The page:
Dorset's key role during D-Day: how the county was involved in the Longest Day (From Bournemouth Echo)
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Dorset's key role during D-Day: how the county was involved in the Longest Day
IT was 1941. After the shock of the Blitzkreig, the retreat at Dunkirk and the triumph of the Battle of Britain, the Allies were now planning for the big offensive to strike back at Germany.
That year the Nazis were preoccupied on the eastern front in battles with Russia.
But Prime Minister, Winston Churchill, was already thinking a long way ahead.
He told Lord Mountbatten, as Chief of Combined Operations: “The south coast of England is a bastion of defence against Hitler’s invasion.
“You must it turn it into a springboard to launch an attack.”
That is what this part of the country became.
And no part of Hardy’s Dorset or neighbouring Hampshire remained untouched as the invasion assembled in 1944 in readiness for that attack.
Blandford housed the US Army 22nd General Hospital and US Army units. Nearby Langton House was HQ of 1st (US) Infantry division.
Breamore House near Fordingbridge was used by General George Patton as his headquarters in the run up to D-Day.
Bournemouth was a “defence area” and all civilian visits were banned.
Most hotels were requisitioned for military use. Aircrew trained in dinghy survival in the Pier Approach baths. Anti-aircraft guns were sited on high buildings like Beales. King George IV reviewed airmen in the Pavillion.
Bovington, home of the Royal Tank regiment, saw much training from the beginning of the war. To counter the possibility of enemy landings from both sea and air, mobile columns were set up to operate in a 45 mile radius of Bovington.
Montgomery addresses troops at Bovington. Picture courtesy of Imperial War Museum
Christchurch aerodrome was a base for the Air Ministry Research Establishment’s special duties flight and USAF Thunderbolts. Camouflaged factories built planes and gliders and converted Spitfires into Seafires.
Hengistbury Head and Mudeford were armed with coastal defence artillery batteries.
In Hamworthy, the first Royal Marine Commandos trained at amphibious warfare centre HMS Turtle. Bolson’s and Newman’s shipyards built landing craft around the clock (the largest number in Britain) and RAF Hamworthy was a seaplane base.
Holton Heath housed Royal Navy cordite factory and West Moors a military petrol depot.
Horsa gliders line-up at Hurn Airport.
Hurn Aerodrome, then in Hampshire saw radar trails and paratroop training and was a base for Typhoons, Mosquitoes and B-26 bombers. Tarrant Rushton and Hurn held key positions because they lay closer to the Normandy drop zones than any other major airfields.
Lulworth Camp was an armoured fighting vehicle school and suffered several air raids. Shot enemy planes crashed at Kimmeridge, Winfrith Heath and Bindon Hill. At Bovington Camp, troops trained for tank warfare.
The New Forest saw over 100,000 men under canvas and thousands of military vehicles parked along its quiet country roads. Airfields like Holmsley, Ibsley and Beaulieu enjoyed their own finest hour.
Churchill tanks arrive in the New Forest. Picture from John Leete.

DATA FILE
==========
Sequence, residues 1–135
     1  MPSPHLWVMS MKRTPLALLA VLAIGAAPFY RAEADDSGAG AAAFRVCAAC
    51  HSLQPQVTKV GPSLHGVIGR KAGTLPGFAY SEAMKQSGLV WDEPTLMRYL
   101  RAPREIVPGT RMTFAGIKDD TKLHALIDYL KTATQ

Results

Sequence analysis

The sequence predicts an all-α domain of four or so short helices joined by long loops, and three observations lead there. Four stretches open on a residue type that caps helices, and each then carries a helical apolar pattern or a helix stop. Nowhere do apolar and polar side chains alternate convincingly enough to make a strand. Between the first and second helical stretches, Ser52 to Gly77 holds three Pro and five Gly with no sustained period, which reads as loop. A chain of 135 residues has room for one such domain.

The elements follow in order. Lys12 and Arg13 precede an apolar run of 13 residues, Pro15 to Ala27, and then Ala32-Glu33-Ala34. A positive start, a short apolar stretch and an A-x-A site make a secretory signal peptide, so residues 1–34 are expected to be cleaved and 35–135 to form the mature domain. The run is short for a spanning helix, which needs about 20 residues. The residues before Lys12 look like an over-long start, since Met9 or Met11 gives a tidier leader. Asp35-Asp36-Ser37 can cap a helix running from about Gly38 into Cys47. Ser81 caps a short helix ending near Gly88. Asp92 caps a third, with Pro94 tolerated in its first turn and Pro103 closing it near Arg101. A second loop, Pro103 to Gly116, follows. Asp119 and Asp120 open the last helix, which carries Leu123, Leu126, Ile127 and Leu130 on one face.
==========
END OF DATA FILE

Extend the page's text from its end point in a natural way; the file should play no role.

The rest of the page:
Poole was the embarkation point for tens of thousands of troops. GIs were billeted in homes, the US Coastguard had a base and the US army took over quays, yards, and yacht clubs. Over 100 anti-aircraft guns protected the town.
Shaftesbury saw the establishment of a military hospital where the Guys Marsh young offenders institute is now.
RAF Sopley was a radar tracking centre. USAF Thunderbolts were based at nearby RAF Winkton.
D-Day preparation: routine stop and check in New Forest. Picture from John Leete
St Leonards Hospital near Ferndown was set up to treat casualties from France. Radio contact with French and Dutch Resistance was maintained from a bunker under the St Leonards public house.
Studland Bay was the venue for practice beach landings, leading to a mock invasion in front of the King.
Swanage beaches were mined and swathed in barbed wire. Hotels and homes became barracks and billets.
The White Horse Inn was the US Red Cross centre and the Grosvenor Hotel hosted the King, Montgomery and other VIPs. The town suffered many air-raids.
Gliders from Tarrant Rushton carried the first Allied troops on D-Day to Pegasus Bridge. Night flights dropped supplies for the French Resistance and Special Operations Executive. Injured troops were flown back here for transfer Blandford hospitals.
Woodland around Verwood hid troops and equipment, and sandpits at Stephens Castle were quarried to build Mulbery Harbours.
US troops were billeted at Wareham, Corfe Castle, Lytchett Minster and Upton.
Weymouth and Portland saw the biggest embarkation of men and equipment, primarily American. Nearly half a million men and 140,000 vehicles passed through these two ports. Portland was described as the “biggest little port in the world” by the Americans.
They were headed towards ‘Bloody Omaha’ where the heaviest losses were suffered.
Wimborne billeted British troops.
Farrs House was an officers’ mess.
Canford Bridge was an ‘immigration post’ to keep civilians out of restricted Poole. A US field hospital was set up at Kingston Lacy Park. Worth Matravers housed a radar experimental station which provided vital technical back up.
Weymouth and Portland: Weymouth and Portland formed a major embarkation point on D-Day, with more than 20,000 troops left in the first fleet.
The US 1st Division – the ‘Big Red One – was one of the first assault groups to leave from the port, bound for Omaha Beach.
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